What are some difficulties about adoption that surprised you?
KB: Honestly, the home study process was one of the most difficult things about adoption. To have to pour out your life to a complete stranger who will examine your finances, investigate your home, ask very personal questions about your past and all your relationships, and then determine if you are fit to be a parent is a very invasive process. After having three very lengthy home visits with a social worker where no questions were left unasked, and then having to complete hour upon hours of online courses, I found myself a little bitter towards people I saw in public who were able to have children biologically without one question being asked of them before they could leave the hospital with a child. I guess I should give myself a pat on the back that a social worker and the US government deemed me a suitable parent.
The other difficulty I was not expecting was how much I would miss my alone time. Parenthood will rock your world whether you bring home a newborn or a nine year old. If someone tells you that having a pet will prepare you for parenthood, you need to laugh in their face. Just as I have watched all of my newly-married friends go through the newlywed phase of marriage where life is glorious and then move into an awakening of “this is forever,” the same is true with parenthood and it’s not just with adopted children. The main difference as a single is adapting to this forever change with someone who needs you all the time so you don’t get the luxury of taking a time out. But hear me say, these are merely growing pains. The life I have with my daughter is well worth the hurdles we’ve had to jump to get to where we are today, and the hurdles we’ve still yet to get to will be worth it as well.
If someone is single and contemplating adopting a child in the future, what is the best advice you can give to that person?
KB: There is no greater joy I have experienced on this earth than becoming a mom. I’ve worked in college ministry for over a decade and watched “my kids” come and go. There is something amazing about investing in your own child and teaching them to love Jesus. With that being said, there are three things I would say to anyone who wanted to adopt as a single person.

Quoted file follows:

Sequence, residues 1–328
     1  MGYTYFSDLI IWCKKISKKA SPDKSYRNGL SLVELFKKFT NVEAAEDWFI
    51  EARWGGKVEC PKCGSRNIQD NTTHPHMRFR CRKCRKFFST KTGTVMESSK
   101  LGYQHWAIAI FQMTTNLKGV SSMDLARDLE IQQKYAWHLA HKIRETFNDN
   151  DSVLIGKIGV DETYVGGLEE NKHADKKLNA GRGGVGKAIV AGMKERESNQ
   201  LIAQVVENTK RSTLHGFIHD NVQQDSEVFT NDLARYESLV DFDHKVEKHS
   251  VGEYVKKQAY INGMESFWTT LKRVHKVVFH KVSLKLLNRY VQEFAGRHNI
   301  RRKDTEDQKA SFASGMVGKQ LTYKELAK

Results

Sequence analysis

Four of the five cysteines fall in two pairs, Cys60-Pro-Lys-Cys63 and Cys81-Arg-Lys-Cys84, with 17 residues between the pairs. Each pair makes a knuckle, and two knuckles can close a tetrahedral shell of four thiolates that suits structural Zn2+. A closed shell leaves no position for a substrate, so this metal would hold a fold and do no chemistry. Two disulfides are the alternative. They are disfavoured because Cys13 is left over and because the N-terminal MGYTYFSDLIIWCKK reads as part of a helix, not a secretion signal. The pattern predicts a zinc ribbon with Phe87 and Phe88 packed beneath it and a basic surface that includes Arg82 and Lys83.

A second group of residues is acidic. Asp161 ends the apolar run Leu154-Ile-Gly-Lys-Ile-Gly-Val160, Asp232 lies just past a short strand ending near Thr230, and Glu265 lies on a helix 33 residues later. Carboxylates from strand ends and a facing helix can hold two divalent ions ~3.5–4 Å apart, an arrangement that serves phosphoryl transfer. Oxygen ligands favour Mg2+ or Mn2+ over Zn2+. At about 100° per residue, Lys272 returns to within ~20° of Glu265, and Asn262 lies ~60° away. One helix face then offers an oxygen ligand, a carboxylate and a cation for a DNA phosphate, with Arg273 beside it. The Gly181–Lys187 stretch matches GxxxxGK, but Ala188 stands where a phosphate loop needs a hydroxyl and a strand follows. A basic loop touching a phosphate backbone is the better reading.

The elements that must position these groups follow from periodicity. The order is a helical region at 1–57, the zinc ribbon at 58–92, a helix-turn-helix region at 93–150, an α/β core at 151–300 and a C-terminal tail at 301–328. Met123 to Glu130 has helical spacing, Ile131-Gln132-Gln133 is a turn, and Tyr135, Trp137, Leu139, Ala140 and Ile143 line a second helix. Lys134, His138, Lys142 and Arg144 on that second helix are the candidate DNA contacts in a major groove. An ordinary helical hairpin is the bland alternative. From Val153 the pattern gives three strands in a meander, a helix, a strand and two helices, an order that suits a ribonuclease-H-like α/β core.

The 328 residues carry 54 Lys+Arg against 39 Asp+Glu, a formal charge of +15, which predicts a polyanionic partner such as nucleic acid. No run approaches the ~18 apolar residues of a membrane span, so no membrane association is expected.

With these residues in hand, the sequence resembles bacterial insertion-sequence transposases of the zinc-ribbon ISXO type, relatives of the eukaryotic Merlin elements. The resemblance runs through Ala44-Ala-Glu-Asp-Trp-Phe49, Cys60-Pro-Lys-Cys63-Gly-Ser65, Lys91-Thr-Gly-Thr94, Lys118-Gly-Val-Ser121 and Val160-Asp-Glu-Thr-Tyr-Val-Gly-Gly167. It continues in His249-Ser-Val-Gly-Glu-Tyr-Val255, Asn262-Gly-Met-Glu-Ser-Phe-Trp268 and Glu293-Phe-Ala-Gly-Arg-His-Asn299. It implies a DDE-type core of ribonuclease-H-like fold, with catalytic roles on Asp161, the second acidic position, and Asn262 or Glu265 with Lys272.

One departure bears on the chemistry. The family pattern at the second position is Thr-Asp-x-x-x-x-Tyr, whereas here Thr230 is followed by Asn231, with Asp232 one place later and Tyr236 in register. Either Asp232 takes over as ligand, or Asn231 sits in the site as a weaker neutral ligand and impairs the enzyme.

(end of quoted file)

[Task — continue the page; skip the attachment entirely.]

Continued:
First, children will not complete you. If you are struggling with contentment as a single person and you are lonely, understand that void can only be met in Jesus, not a child (or spouse for that matter). I say that only because I was guilty of that feeling and had to wrestle in the depths of me when my daughter didn’t meet the expectations she was never meant to fulfill.
The second piece of advice was spoken to me from another single mom of two adopted children. She warned me that single parenting is hard and sometimes lonely, but I had to always remember I made this choice. Granted, I know wholeheartedly God called me to the adoption of my daughter, but I made a choice to walk in obedience. Some moms are faced with single parenting because of divorce or other unforeseen circumstances where they had no choice. I was choosing to walk into this journey no matter the challenges that would come my way, and because of that, I could never take it out on my daughter or blame her even on the toughest days.
Last but not least, if you are considering adopting as a single person know that everyone will have an opinion one way or the other but the only one that matters is God’s. Adopting a child as a single person is non-conventional but how often do we see our God doing non-conventional things and using the people we least expect? Many well-meaning people have expressed their thoughts on how my daughter is not better off here in a home without a father. While I agree that Daizy would benefit greatly from having a father, I have a hard time believing she was better off in an orphanage. The beauty of being part of a faith community is that Daizy has many father figures in her life who are gladly filling in where our knitted-together family is lacking.
If the Lord leads you to adopt as a single person I would encourage you to follow with reckless abandon and watch how the Lord can and will use you in the life of a child as you live out James 1:27.
If you know someone who is single and considering adopting a child, will you email them this post?